Zack Snyder’s “300” is without a doubt one of the best action films released in the past decade, boasting not only grand and exciting battle sequences, but also an inspiring storyline and lots of great dialogue. With its massive success, it was inevitable that the studio would make another film, despite the fact that there wasn’t really anyone left at the end of the last film to continue on with. However, graphic novelist Frank Miller solved that problem for them by authoring another book that focused on the events that surrounded the Battle of Thermopylae, and so now we are faced with the film adaptation of “300: Rise of an Empire.”
In present day, we are told of events that happened a few years before the events in the previous film. The Persian King, Darius (Igal Naor), had tried to take over Greece, but was repelled by their army, which included the mighty warrior Themistocles (Sullivan Stapleton). This young warrior slayed Darius with an arrow, but little did he know that this was an action that would have massive consequences in just a few years. Although Darius tells his son Xerxes (Rodrigo Santoro) not to attack Greece again, he does so anyway with the help of one of his generals, Artemisia (Eva Green). With war once again facing Greece, Themistocles must attempt a unification of the city states so that they can fight off the Persians together, but finding no help from Sparta, he and his men must do their best to fend off their enemy in a massive naval battle that will determine the fate of all Greeks.
“300: Rise of an Empire” is a simple case of a film trying very hard to be like its predecessor, but not being able to come anywhere close. It follows many of the same beats (rousing war speeches and battles) and contains many of the same elements (characters, production design, and plenty of slow motion), but what it lacks is the heart and soul of the original. Because of this, we end up with a pale, superficial imitation that’s dull, tedious, and emotionally empty. You may recall that the original “300” had a large emotional impact because it was all about a relatively small group of 300 soldiers going off to fight the gigantic army of Xerxes, knowing that there was pretty much no chance of them surviving, and yet they did it all the same. In this prequel/sequel, there’s never a larger sense of purpose, nor is there any true feeling of danger because both armies always seem to be on equal footing. The original film also contains grandiose themes of honor, duty, and loyalty, which are touched on a little here, but not nearly as well as they had been before. The whole project basically comes off as an attempt to recreate what had been so successful before, but without the most important ingredients. In the end, “300: Rise of an Empire” has the same cool look as its predecessor, but beyond that, it’s merely a hollow shell of a film.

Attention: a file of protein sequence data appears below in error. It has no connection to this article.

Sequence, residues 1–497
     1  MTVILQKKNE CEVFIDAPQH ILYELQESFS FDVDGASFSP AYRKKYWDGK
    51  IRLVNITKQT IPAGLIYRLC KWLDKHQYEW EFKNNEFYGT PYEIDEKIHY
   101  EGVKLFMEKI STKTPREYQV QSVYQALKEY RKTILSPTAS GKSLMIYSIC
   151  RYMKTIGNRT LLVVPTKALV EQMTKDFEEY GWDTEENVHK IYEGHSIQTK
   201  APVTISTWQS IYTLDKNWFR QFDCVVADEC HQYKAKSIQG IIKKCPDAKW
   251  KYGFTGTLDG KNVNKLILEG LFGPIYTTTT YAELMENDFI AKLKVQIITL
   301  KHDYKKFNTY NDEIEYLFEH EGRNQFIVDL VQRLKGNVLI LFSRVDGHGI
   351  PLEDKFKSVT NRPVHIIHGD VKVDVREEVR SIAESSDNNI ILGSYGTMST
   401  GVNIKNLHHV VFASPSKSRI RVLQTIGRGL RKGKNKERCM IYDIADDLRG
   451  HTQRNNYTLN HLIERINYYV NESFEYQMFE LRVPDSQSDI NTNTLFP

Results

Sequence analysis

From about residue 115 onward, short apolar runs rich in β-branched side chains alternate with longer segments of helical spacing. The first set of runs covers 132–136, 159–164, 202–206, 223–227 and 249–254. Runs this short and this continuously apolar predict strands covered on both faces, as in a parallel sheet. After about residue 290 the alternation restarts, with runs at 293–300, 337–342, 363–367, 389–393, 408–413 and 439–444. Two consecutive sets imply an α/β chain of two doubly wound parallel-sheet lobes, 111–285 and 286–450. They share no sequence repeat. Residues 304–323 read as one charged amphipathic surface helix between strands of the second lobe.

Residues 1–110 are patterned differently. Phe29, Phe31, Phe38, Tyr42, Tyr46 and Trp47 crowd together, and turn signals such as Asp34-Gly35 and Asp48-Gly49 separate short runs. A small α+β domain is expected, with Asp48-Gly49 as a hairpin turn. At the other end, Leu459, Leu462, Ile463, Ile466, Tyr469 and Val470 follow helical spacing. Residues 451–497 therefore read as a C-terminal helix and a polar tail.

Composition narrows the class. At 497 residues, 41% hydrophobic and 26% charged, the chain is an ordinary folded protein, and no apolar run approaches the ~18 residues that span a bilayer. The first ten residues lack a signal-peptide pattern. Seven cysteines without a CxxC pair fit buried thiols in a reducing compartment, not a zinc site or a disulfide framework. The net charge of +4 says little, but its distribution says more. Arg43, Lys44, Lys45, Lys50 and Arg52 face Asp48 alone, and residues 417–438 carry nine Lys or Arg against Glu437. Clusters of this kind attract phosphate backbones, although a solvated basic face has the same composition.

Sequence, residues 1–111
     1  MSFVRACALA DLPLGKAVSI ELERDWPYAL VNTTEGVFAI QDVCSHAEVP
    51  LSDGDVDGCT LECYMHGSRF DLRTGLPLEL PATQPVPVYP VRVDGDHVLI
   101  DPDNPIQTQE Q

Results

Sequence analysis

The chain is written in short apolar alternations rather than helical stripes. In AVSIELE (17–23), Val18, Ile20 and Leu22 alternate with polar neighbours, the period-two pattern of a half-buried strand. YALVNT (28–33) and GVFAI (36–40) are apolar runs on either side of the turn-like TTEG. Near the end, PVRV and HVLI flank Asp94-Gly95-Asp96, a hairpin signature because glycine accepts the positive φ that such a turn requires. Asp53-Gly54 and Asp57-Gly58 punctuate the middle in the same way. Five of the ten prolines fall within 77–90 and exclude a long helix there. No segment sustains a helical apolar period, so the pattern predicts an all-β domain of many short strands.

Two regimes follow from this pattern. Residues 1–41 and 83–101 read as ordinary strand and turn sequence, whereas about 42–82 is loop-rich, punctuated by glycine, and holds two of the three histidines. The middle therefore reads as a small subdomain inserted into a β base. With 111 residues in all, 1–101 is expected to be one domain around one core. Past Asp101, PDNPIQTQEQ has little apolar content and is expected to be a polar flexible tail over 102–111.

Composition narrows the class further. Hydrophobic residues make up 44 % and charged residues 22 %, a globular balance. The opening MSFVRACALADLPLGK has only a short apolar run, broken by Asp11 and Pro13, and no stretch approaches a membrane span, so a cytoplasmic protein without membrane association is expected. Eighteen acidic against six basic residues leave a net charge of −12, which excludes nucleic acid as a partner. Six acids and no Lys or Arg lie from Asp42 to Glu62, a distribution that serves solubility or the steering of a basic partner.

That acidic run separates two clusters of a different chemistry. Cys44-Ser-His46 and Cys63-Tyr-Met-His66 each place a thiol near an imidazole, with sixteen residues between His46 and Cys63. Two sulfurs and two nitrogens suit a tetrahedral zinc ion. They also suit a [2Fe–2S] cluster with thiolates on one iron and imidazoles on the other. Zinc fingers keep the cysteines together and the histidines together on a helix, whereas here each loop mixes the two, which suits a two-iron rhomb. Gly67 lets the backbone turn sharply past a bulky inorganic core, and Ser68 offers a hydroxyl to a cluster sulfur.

“300: Rise of an Empire” comes to Blu-ray in a 2.4:1, 1080p High Definition transfer of impeccable quality. Nearly the entire film has a very dark, gritty production design, but the picture always remains perfectly sharp without a trace of blurriness in sight. The 7.1 DTS-HD Master Audio is likewise flawless, allowing you to hear the score, sound effects, and every bit of dialogue in crystal clear quality. Overall, there are no complaints to be had in either department.
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The special features provide a wide range of behind the scenes looks at the production that include interviews with the cast, crew, and historians. They take you through different areas of the film including the story, production design, costumes, and training, in addition to putting the film in a historical perspective. All totaled, this is about an hour of informative extras that are all worth taking a look at, especially if you’re interested in learning about how specific elements of the film came together.
“300: Rise of an Empire” is nothing but an attempt at recapturing the glory of its predecessor through imitation. However, without the thematic substance and a thrilling (and very quotable) screenplay, it merely becomes a flat, joyless film that has very little to offer in the way of entertainment. If you’re looking for a great action flick, simply skip this drudgery and rewatch “300,” a film that never had any need of a prequel/sequel in the first place.
Available on Blu-ray and DVD starting tomorrow.
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